Duke coach Mike Krzyzewski supports California’s Fair Pay to Play Act

‘‘It is a sign of the times that we in college athletics must continually adapt, albeit in a sensible manner,” Krzyzewski said. “We need to stay current with what’s happening. I’m glad it was passed because it pushes the envelope, it pushes the issue.”

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Duke coach Mike Krzyzewski answers a question during the Atlantic Coast Conference media day in Charlotte, N.C.

Nell Redmond/AP

Duke coach Mike Krzyzewski supported California’s “Fair Pay to Play” law that will allow college athletes to profit off their name, image and likeness, and called on college sports to embrace change. 

“I don’t — and won’t — pretend to understand all the complexities of such a change,” Krzyzewski said in the statement Tuesday at the ACC’s basketball media day. “However, it is a sign of the times that we in college athletics must continually adapt, albeit in a sensible manner.

“We need to stay current with what’s happening,” Krzyzewski added. “I’m glad it was passed because it pushes the envelope, it pushes the issue.”

Gov. Gavin Newsom signed California’s new law last week, with the change set to take place by 2023. The law, in direct opposition to the NCAA’s longtime amateur model forbidding profit, will allow the state’s college athletes to hire agents and be paid for endorsements.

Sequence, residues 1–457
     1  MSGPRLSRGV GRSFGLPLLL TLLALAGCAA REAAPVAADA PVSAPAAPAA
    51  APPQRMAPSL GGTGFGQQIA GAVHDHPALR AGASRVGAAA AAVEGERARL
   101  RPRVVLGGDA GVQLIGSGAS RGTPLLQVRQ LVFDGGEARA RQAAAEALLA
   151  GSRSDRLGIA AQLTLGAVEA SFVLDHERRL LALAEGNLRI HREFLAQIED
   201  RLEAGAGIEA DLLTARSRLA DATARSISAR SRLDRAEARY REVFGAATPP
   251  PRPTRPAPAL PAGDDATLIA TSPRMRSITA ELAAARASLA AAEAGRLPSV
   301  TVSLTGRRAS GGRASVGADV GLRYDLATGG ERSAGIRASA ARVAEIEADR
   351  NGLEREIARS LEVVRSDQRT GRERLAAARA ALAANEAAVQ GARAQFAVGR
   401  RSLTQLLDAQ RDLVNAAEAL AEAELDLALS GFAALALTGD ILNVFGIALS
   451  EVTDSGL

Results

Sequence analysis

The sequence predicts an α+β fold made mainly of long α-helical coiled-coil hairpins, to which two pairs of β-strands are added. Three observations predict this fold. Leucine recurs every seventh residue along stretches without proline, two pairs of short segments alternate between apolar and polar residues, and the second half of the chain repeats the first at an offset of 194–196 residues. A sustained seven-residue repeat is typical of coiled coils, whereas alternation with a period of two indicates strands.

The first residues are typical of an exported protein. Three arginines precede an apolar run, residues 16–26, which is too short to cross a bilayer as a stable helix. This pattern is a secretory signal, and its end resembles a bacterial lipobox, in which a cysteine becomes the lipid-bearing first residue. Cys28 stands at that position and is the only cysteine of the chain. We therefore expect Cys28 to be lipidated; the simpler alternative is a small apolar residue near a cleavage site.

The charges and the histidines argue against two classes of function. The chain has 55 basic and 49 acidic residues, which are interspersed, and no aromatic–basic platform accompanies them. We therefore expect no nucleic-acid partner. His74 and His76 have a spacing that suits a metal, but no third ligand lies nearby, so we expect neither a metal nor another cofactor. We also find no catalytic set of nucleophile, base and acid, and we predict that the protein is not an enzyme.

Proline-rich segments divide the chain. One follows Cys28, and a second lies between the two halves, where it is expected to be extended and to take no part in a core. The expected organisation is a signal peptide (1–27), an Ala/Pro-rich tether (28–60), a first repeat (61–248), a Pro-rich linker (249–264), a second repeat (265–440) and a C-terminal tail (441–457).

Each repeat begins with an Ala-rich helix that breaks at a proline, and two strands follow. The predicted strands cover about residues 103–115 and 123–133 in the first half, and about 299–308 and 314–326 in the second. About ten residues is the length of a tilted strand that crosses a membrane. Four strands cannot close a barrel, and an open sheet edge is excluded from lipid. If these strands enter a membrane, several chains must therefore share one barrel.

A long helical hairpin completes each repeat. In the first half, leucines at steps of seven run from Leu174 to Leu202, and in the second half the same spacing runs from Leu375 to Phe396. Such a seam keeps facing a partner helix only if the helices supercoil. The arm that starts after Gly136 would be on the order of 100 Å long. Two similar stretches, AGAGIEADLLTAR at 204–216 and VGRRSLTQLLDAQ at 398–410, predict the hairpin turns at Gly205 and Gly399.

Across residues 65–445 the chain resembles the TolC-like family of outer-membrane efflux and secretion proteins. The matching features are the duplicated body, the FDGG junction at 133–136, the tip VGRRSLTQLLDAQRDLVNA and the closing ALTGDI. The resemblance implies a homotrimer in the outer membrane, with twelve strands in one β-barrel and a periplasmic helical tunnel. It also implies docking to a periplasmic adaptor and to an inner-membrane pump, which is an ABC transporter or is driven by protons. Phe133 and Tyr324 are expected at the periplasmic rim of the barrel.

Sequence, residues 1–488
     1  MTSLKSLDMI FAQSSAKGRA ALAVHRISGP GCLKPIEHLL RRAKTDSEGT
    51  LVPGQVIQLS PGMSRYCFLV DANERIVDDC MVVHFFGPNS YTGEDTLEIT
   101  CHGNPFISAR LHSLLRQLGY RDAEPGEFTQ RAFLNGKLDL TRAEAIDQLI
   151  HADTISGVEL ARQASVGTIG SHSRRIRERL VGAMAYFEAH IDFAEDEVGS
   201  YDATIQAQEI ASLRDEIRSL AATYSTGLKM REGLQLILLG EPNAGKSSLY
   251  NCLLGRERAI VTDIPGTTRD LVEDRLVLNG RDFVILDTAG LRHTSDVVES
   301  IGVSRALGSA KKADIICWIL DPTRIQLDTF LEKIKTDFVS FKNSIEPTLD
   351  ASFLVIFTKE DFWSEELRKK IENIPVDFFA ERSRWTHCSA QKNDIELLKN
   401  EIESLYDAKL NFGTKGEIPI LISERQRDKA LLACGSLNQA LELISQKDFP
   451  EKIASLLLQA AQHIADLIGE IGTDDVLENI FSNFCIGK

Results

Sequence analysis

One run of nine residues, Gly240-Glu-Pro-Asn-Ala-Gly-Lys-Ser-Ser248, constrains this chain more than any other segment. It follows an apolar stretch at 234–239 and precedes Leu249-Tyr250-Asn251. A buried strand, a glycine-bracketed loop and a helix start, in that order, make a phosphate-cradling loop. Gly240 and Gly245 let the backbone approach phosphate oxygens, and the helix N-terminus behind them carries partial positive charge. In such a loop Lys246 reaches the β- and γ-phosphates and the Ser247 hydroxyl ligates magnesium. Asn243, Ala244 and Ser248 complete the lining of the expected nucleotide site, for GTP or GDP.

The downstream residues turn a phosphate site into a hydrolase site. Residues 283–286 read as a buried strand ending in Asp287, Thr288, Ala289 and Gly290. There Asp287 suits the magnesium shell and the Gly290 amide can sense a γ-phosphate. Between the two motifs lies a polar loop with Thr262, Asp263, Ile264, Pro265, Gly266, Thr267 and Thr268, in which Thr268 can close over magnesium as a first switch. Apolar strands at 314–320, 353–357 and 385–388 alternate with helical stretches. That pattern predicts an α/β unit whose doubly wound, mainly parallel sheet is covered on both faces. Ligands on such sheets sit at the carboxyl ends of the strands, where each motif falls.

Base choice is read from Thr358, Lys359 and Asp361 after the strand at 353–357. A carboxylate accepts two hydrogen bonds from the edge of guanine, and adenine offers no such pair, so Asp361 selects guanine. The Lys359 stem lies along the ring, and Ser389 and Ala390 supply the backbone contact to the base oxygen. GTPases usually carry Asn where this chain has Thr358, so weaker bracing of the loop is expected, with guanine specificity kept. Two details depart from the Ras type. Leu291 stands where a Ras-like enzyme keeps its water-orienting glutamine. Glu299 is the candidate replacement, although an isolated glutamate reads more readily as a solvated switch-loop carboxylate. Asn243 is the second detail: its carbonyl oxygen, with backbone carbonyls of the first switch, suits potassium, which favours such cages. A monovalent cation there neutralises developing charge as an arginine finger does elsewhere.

While the five-time national champion coach did not name the NCAA specifically in the statement, he made it clear that the organization’s current guidelines are no longer sufficient — urging for a nation-wide initiative to act in the best interest of student-athletes. 

“While we have made significant progress in recent years, we have not always responded to the needs and rights of our players swiftly, and frankly, we’re playing catch-up after years of stagnant rules,” Krzyzewski said. “I hope and trust that not only will there be a plan to put the student-athletes’ best interests at the forefront, but that we’ll also have a firm plan for implementation at the national level.”

Krzyzewski, who coached No. 1 NBA draft pick Zion Williamson last season, has in the past indicated his desire for players to be compensated for their likeness. In March, he said in part: ”We need a new model.” 

Read more at usatoday.com

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